The key outcome for the GVL and Galaxy Australia is user numbers and number of tool executions. The latest figures will be shown in this presentation. However since the beginning of the project specific effort has been focused on the Galaxy Australia component of the GVL, to provide an easy to use analysis platform for genomics research [4]. Galaxy Australia has been aligning its “look and feel” to international Galaxy sites, whilst maintain the tools and reference datasets necessary to support Australian research activity. The reconciliation of computational resources to allow for efficient management of the GVL, ensuring reference datasets are up-to-date and cited in alignment with FAIR principles as well as maintaining reliable, quality controlled and trusted analysis tools is all aimed to increase use of the GVL. Further, the deployment of increased resources for the training and upskilling of biology researchers will support the community to maximize their experience in the GVL.

METHODS

Achieving an optimized GVL and Galaxy Australian service first involved reconfiguration of existing resources hosted in Brisbane and Melbourne, historically both operating a Galaxy service, to provide a single controlling (Head) node for Galaxy Australia. Through the use of tool resource allocation and job submission (based on long run time or high memory usage) to dedicated resources, users will experience the fastest run time possible for their analyses. This has been achieved using a new Head Node configuration, new minimally packaged worker nodes, HTC Condor job management and integrated docker spawned environments. Rationalisation, publication and alignment of training material maintained at Australia and global repositories plus EMBL-ABR led Train-the-Trainer activities will drive the “user-enhanced” experience for Galaxy and GLV users. Finally, having a single user facing help desk will allow for reduced query response time [5].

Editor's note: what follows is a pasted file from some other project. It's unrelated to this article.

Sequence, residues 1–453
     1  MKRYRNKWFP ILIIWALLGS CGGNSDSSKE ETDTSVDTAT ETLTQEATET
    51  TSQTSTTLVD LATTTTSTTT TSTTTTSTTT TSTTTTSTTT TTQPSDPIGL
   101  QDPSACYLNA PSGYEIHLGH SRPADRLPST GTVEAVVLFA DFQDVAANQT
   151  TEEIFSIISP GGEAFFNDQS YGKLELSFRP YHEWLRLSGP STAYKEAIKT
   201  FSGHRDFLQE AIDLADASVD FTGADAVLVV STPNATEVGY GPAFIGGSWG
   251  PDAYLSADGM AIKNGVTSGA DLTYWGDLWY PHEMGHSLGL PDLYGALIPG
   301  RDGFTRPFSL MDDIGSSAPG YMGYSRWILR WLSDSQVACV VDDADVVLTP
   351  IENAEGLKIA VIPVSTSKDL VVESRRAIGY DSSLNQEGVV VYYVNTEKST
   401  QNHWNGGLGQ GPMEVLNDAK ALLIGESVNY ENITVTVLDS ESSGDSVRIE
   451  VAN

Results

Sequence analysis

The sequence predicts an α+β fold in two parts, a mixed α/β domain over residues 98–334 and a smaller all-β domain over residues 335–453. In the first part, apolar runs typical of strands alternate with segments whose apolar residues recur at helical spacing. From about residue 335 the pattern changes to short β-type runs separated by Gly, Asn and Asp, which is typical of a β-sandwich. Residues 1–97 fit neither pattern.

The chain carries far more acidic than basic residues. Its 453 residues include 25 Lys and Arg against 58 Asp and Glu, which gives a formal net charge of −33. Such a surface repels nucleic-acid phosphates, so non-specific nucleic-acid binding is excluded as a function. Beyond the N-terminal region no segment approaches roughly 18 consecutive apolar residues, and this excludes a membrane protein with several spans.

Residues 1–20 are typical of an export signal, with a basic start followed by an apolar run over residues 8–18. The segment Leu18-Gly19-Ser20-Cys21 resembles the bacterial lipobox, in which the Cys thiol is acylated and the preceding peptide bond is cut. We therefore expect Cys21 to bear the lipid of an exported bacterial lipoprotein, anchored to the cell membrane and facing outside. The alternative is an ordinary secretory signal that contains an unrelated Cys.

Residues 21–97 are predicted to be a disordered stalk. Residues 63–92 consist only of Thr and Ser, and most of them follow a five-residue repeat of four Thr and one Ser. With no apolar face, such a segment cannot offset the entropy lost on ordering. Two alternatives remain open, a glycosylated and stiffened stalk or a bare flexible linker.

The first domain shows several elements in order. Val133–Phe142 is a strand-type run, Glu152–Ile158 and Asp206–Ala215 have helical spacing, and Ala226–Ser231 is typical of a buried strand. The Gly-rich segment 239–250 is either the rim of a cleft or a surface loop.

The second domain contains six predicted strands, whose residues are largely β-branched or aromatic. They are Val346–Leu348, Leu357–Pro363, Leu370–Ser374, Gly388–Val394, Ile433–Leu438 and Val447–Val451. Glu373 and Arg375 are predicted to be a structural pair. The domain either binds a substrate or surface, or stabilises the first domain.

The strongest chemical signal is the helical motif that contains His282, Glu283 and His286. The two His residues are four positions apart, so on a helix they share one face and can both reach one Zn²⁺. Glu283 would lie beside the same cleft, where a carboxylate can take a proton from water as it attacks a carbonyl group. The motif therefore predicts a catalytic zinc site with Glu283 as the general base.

CONCLUSION

The GVL has undergone transformation and Galaxy Australia has been launched; with the latest version of Galaxy, the most up to date reference genomes, datasets and tools, plus tools requested specifically by Australian researchers to enable their studies, Figure 1

Figure 1: Galaxy Australia Landing Page

 

REFERENCES

  1. GVL server image: https://www.gvl.org.au/get/
  2. GVL managed hosted data analysis environments (Galaxy and R-studio): https://www.gvl.org.au/use/
  3. ANDS / RDS / Nectar DeVL projects: https://www.ands-nectar-rds.org.au/researchdomainprogram
  4. GalaxyAustralia website: https://usegalaxy.org.au
  5. GalaxyAustralia User Support: help@genome.edu.au

BIOGRAPHY:

GARETH HEADS UP THE COMPUTATIONAL BIOLOGY TEAM AT QFAB, JOINING IN EARLY 2017 AFTER NEARLY 15 YEARS AS A GENOMICS SCIENTIST. HE HAS BEEN INVOLVED IN EXPERIMENTAL DESIGN, DATA QC, ANALYSIS AND INTERPRETATION FROM EARLY PRINTED MICROARRAYS THROUGH TO MULTIPLE NGS PLATFORMS. THESE WORKS HAVE INVOLVED A VARIETY OF MODEL ORGANISMS FROM MICROORGANISMS, FRUIT FLIES, MICE TO HUMANS. AT QFAB GARETH HELPS TRANSLATE RESEARCHER’S BIOLOGICAL QUERIES INTO THE SYSTEMIC INFORMATICS LANGUAGE REQUIRED FOR ANALYSIS. GARETH’S VIEW IS THAT BIOLOGICAL RESEARCH, CLINICAL RESEARCH, AND HEALTHCARE ARE AT THEIR BEST WHEN COUPLED WITH THE MOST ACCURATE, HIGHEST THROUGHPUT AND INNOVATIVE TECHNOLOGY AND ANALYSIS. HE USES THIS VIEW TO MOTIVATE THE USE OF INNOVATION TO REDUCE THE TIME BETWEEN DATA GENERATION AND DATA SUMMARISATION AND HAS TAKEN ON THE ROLE OF PROGRAM MANAGER FOR THE GENOMICS VIRTUAL LAB PROJECT (GVL.ORG.AU) TO HELP PROMOTE THIS IMPORTANT AUSTRALIAN RESOURCE TO ALL LIFE SCIENCE RESEARCHERS.